Once movement proficiency is achieved and we have added pauses, we can work on trying to accelerate the weight. As I stated above, even just the intent is powerful. Of course in our upper body workouts we don’t want to create poor movement so allow the quality of the rep to still dictate everything. You won’t see someone newer have the same ability to accelerate and keep good form as someone more experienced.
Lastly, you can take deliberate longer tempos on the descent in your upper body workouts. Why do I recommend this last? Well, this can create profound soreness so you don’t want to leave yourself or others hobbled in using these strategies in your upper body workouts.
#2 1 1/4 Movements
I wrote about this idea when the pandemic just hit mostly in regards to lower body exercises, but the same idea works for upper body workouts as well. An example could be a bent row where you row the weight up to the body, come down around a quarter of the way, row back up, and then go to the bottom of the lift.
This kinda works hand in hand with the tempo concept because in using 1 1/4 movements you do accentuate the time under tension. Therefore, you probably shouldn’t be thinking of 10-12 repetitions of 1 1/4 movements for your upper body workouts. Repetitions of 5-8 work better and 8 would be A LOT! Start with less and you can build up over time or add a bit of a pause in each. You will find this is also a great way to emphasize ranges of motion to your upper body workouts that many people may rush through.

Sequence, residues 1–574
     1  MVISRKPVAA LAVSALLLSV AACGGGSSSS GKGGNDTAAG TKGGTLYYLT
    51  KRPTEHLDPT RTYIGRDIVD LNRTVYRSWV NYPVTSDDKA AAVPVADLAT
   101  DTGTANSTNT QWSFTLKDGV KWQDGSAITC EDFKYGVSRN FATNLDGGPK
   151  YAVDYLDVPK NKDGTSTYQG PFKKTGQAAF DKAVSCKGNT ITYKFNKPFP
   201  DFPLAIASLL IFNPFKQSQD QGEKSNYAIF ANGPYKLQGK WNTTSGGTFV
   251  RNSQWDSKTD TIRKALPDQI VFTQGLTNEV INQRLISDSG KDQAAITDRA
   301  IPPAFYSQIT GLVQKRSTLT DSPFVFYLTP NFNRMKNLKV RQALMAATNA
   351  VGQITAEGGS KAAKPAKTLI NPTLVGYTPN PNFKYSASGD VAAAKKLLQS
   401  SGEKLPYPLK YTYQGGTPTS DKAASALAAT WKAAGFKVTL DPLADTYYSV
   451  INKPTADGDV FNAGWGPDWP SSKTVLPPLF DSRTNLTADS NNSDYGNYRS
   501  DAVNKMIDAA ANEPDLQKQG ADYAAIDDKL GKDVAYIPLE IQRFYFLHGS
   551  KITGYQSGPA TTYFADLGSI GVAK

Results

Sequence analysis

DVRT Master, Cory Cripe shows how to do a great rowing movement and teases the last point. However, you could use any of these rowing variations to use 1 1/4 movements in your upper body workouts.
#3 Body Position
While the first two ideas for your upper body workouts isn’t really unique to DVRT (although most have forgotten about them), body position concepts is more unique. In fact, in our DVRT educational programs we discuss how when it comes to upper body workouts we change body position before load position. That is because it is a more incremental change to an exercise.
What this does is force more of the body to be active. If you have been reading our DVRT blogs for any time, you know we speak about how the core and lower body is just as important to your upper body workouts as the arms or upper toros. That is simply because everything is connected and by removing the core and lower from your upper body workouts you build muscle and strength that really only helps you in the gym and not in real life.
Changing body position, like tempo and 1 1/4 movements, allows us to make the same weight feel more challenging or lighter. So, you don’t need to have huge variety of weight to accomplish your fitness goals. You will see below that DVRT UK master, Greg Perlaki gives some great examples of using different body positions for the overhead press.